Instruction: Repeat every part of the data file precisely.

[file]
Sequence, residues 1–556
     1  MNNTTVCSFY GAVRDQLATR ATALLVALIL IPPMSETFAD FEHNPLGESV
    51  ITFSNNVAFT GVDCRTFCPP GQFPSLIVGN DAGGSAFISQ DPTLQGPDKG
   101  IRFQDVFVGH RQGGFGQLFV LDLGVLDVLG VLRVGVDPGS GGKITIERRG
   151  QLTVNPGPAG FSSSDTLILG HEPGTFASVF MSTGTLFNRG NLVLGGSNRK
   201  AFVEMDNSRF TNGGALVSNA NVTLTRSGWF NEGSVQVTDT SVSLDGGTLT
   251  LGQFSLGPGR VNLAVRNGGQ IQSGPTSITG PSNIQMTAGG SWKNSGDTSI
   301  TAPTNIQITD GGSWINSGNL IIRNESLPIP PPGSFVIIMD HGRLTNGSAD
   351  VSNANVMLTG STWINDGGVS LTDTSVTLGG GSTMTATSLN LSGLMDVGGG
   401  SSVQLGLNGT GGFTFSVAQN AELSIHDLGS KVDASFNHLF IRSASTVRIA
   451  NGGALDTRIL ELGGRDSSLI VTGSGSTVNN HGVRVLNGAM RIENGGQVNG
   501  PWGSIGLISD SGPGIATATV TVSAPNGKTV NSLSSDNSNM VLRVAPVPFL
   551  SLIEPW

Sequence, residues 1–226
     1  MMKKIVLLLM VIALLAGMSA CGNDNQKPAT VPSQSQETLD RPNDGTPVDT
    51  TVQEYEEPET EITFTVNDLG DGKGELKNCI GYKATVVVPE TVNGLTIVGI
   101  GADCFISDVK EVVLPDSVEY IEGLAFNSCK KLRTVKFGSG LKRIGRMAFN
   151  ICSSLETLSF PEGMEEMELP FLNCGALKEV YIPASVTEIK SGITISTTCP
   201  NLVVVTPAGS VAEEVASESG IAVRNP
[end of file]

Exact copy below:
Sequence, residues 1–556
     1  MNNTTVCSFY GAVRDQLATR ATALLVALIL IPPMSETFAD FEHNPLGESV
    51  ITFSNNVAFT GVDCRTFCPP GQFPSLIVGN DAGGSAFISQ DPTLQGPDKG
   101  IRFQDVFVGH RQGGFGQLFV LDLGVLDVLG VLRVGVDPGS GGKITIERRG
   151  QLTVNPGPAG FSSSDTLILG HEPGTFASVF MSTGTLFNRG NLVLGGSNRK
   201  AFVEMDNSRF TNGGALVSNA NVTLTRSGWF NEGSVQVTDT SVSLDGGTLT
   251  LGQFSLGPGR VNLAVRNGGQ IQSGPTSITG PSNIQMTAGG SWKNSGDTSI
   301  TAPTNIQITD GGSWINSGNL IIRNESLPIP PPGSFVIIMD HGRLTNGSAD
   351  VSNANVMLTG STWINDGGVS LTDTSVTLGG GSTMTATSLN LSGLMDVGGG
   401  SSVQLGLNGT GGFTFSVAQN AELSIHDLGS KVDASFNHLF IRSASTVRIA
   451  NGGALDTRIL ELGGRDSSLI VTGSGSTVNN HGVRVLNGAM RIENGGQVNG
   501  PWGSIGLISD SGPGIATATV TVSAPNGKTV NSLSSDNSNM VLRVAPVPFL
   551  SLIEPW

Sequence, residues 1–226
     1  MMKKIVLLLM VIALLAGMSA CGNDNQKPAT VPSQSQETLD RPNDGTPVDT
    51  TVQEYEEPET EITFTVNDLG DGKGELKNCI GYKATVVVPE TVNGLTIVGI
   101  GADCFISDVK EVVLPDSVEY IEGLAFNSCK KLRTVKFGSG LKRIGRMAFN
   151  ICSSLETLSF PEGMEEMELP FLNCGALKEV YIPASVTEIK SGITISTTCP
   201  NLVVVTPAGS VAEEVASESG IAVRNP